The verdict does not make a clear reference of issues to a larger bench. The wordsthe prospect of the issues arising in those cases being referred to larger bench cannot be ruled outused in the majority verdict may mean to imply that the reference made by the Court is merely ‘suggestive’.

Nariman, J’s minority opinion also talks about the ‘suggestive’ nature of the references when it says,

“if and when the issues that have been set out in the learned Chief Justice’s judgment arise in future, they can appropriately be dealt with by the bench/benches which hear the petitions concerning Muslims, Parsis and Dawoodi Bohras.”

Hence, it would not be completely wrong to say that this judgment merely suggests the Benches in the abovementioned 3 cases to refer the issues listed down by it to a larger bench if it thinks fit.

Reference of a review petition

If it is believed that a reference has indeed been made in the majority verdict, it will again be debatable on the ground that a reference cannot be made in a review petition. A judgment of the Supreme Court of is final, and a review of such judgment is an exception. Whatever the Court decides in a Review Petition become the law. So will a reference of a review petition to a larger bench mean creation of a new forum? Too many loose ends have been left in the majority verdict that the Court will have to tie up sooner or later.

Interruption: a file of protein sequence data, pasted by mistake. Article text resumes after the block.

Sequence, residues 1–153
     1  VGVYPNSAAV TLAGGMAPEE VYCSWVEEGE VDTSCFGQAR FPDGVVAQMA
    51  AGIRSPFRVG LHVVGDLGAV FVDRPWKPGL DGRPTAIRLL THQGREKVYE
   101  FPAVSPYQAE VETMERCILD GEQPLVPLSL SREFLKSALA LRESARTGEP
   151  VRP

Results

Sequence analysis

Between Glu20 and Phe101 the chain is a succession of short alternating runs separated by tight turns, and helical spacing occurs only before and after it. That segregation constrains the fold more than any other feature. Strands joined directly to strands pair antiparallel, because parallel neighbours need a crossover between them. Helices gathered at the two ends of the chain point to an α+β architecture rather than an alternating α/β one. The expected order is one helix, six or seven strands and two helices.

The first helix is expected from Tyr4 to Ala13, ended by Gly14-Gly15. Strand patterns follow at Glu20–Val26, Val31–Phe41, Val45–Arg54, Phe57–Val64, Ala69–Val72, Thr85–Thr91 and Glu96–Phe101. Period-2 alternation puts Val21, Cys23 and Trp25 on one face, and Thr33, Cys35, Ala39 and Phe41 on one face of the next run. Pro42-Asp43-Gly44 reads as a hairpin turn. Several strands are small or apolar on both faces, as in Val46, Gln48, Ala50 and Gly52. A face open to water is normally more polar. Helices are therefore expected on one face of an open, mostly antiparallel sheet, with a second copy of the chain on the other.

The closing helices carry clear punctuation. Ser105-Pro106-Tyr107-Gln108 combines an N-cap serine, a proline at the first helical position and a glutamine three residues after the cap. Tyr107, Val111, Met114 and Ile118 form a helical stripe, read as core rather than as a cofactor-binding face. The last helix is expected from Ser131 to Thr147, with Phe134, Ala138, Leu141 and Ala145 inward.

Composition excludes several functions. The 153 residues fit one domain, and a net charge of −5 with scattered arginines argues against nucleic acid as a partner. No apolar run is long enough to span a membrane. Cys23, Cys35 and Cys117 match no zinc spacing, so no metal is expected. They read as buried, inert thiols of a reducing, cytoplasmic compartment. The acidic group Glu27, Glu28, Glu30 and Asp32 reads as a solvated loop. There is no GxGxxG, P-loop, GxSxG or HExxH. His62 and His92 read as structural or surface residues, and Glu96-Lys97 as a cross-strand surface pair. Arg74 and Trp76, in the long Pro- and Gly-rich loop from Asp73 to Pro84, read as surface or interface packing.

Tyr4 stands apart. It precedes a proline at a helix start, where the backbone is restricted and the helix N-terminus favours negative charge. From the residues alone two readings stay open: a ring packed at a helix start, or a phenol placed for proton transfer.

It is also pertinent to note that in the majority verdict, no ‘error on the face of record’ has been pointed out. In fact, the majority verdict has not answered the review at all. Which explains why the majority verdict runs in only 6 pages and 9 paras.

Dissenting opinion by Nariman, J for himself and Chandrachud, J

“Bona fide criticism of a judgment, albeit of the highest court of the land, is certainly permissible, but thwarting, or encouraging persons to thwart, the directions or orders of the highest court cannot be countenanced in our Constitutional scheme of things.”

Disagreeing with the majority opinion that the Review Petitions be kept in a lurch while the larger bench decides the seminal issues concerning right to religion and women rights, Nariman and Chandrachud, JJ said that the only issue before the Court in the present case was the review petitions and the writ petitions that were filed in relation to the judgment in Indian Young Lawyers Association v. State of Kerala, 2018 SCC Online SC 1690.

Stating that if and when the issues that have been set out in the learned Chief Justice’s judgment arise in future, they can appropriately be dealt with by the bench/benches which hear the petitions concerning Muslims, Parsis and Dawoodi Bohras, Nariman and Chandrachud, J said,